Several months ago I received an email from a woman named Heidi Nunnemacher… and this is what it said:
My heart skipped a beat when I read in your email this morning that you are planning on touring in Finland this year. I’ve been meaning to email you for the past six months to let you know that with the help of your book, The Bicycle Touring Blueprint (along with many articles), I successfully completed my first bicycle tour in Finland last summer.
I am an American woman who became obsessed with Scandinavia, and Finland in particular, two years ago. I had also spent several years dreaming about bicycle touring. So, I combined my interests and finally made my tour happen last year. In addition to saying thanks for the resources, I’ve been meaning to tell you that I recommend Finland for solo female bicycle tourists (and probably all of Scandinavia is safer than average for the same reasons). I watched one of your live webcasts in the fall, and I remember that female safety came up, but you were not fully able to speak to that issue. I thought I’d throw in my two cents and recommend Finland as a destination where I felt reasonably safe. The main reasons are because the culture values gender equality and because of the existence of “Everyman’s Right” (meaning that I could camp on private land without feeling like the landowner would show up and bother me– sort of mind-blowing for an American!).
More than anything I want to emphasize that your resources helped me feel empowered. I had never traveled alone before, and in fact I had never taken apart/put together a bicycle before preparing for my trip (my mechanical engineer and bike enthusiast brother thought I was being an idiot). Well, I did it! Thank you for creating helpful, clear, and motivational bicycle touring resources, Darren!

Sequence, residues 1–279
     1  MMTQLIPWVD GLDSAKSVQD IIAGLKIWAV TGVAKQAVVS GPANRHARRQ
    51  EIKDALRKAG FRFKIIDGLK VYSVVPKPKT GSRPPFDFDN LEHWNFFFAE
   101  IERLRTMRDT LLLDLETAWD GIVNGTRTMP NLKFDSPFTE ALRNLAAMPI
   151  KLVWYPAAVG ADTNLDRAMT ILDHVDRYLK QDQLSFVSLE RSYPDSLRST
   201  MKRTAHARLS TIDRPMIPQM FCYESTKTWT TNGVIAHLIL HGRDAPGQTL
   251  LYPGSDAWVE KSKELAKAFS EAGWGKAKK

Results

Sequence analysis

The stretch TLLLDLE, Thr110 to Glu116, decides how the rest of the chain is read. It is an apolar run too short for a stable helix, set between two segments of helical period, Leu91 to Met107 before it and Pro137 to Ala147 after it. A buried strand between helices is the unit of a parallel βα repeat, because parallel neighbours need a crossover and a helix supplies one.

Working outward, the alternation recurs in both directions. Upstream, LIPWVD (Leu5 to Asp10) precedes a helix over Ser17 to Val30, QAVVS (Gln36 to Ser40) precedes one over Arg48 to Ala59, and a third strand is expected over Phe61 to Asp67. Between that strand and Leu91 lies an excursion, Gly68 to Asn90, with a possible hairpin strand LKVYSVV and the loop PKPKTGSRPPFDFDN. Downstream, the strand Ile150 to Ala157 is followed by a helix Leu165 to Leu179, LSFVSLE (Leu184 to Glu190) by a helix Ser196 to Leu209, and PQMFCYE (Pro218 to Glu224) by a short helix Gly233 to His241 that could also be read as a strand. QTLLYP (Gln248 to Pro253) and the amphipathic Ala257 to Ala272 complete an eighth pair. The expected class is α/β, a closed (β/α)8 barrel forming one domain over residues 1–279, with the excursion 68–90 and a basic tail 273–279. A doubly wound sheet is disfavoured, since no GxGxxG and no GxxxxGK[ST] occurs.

After reading through Heidi’s email several times, I wrote her back and asked if she would be interested in writing a short article about bike touring in Finland… from a female’s perspective. “Surely there are other women out there looking for a safe and enjoyable place to go bicycle touring,” I thought to myself. “Maybe Heidi can share some of her thoughts, ideas and experiences from her bicycle tour in Finland with the other female readers here at BicycleTouringPro.com?”
Thanks so much for your email. I’m so happy to hear that you had a good experience bicycle touring around Finland. And that you had an overall successful bicycle tour. Do you have plans for another bicycle tour this year or at any point in the future?
And yes, you bring up a good point about women’s safety, etc. I can imagine Scandinavia being a very safe place for women to travel by themselves.
Here’s an idea: Would you be at all interested in writing a short article for BicycleTouringPro.com about your bicycle tour? And about how Scandinavia is a safe place for solo, female bicycle travelers? And then maybe we could include a few pictures from your bike tour, etc? It wouldn’t have to be long. Maybe just a few paragraphs about your bike tour, what you learned, and some tips to other women hoping to travel by bike.
What do you think? Interested? Let me know! I’d love to make that happen.
And thanks again for your email. It means so much!
Heidi wrote back to say that she would be delighted to write up a little something about her experiences cycle touring in Finland… and this is what she had to say:
I was tired and trying to sleep after a day of cycling and exploring the Kvarken archipelago, a World Heritage Site springing out of the Gulf of Bothnia. But it’s hard to sleep when true darkness never comes. Also, it’s hard to sleep when you feel like a trespasser and expect an irate farmer to charge into your campsite with a firearm and scream at you in a foreign language. And so began my solo, self-supported bicycle tour in Finland.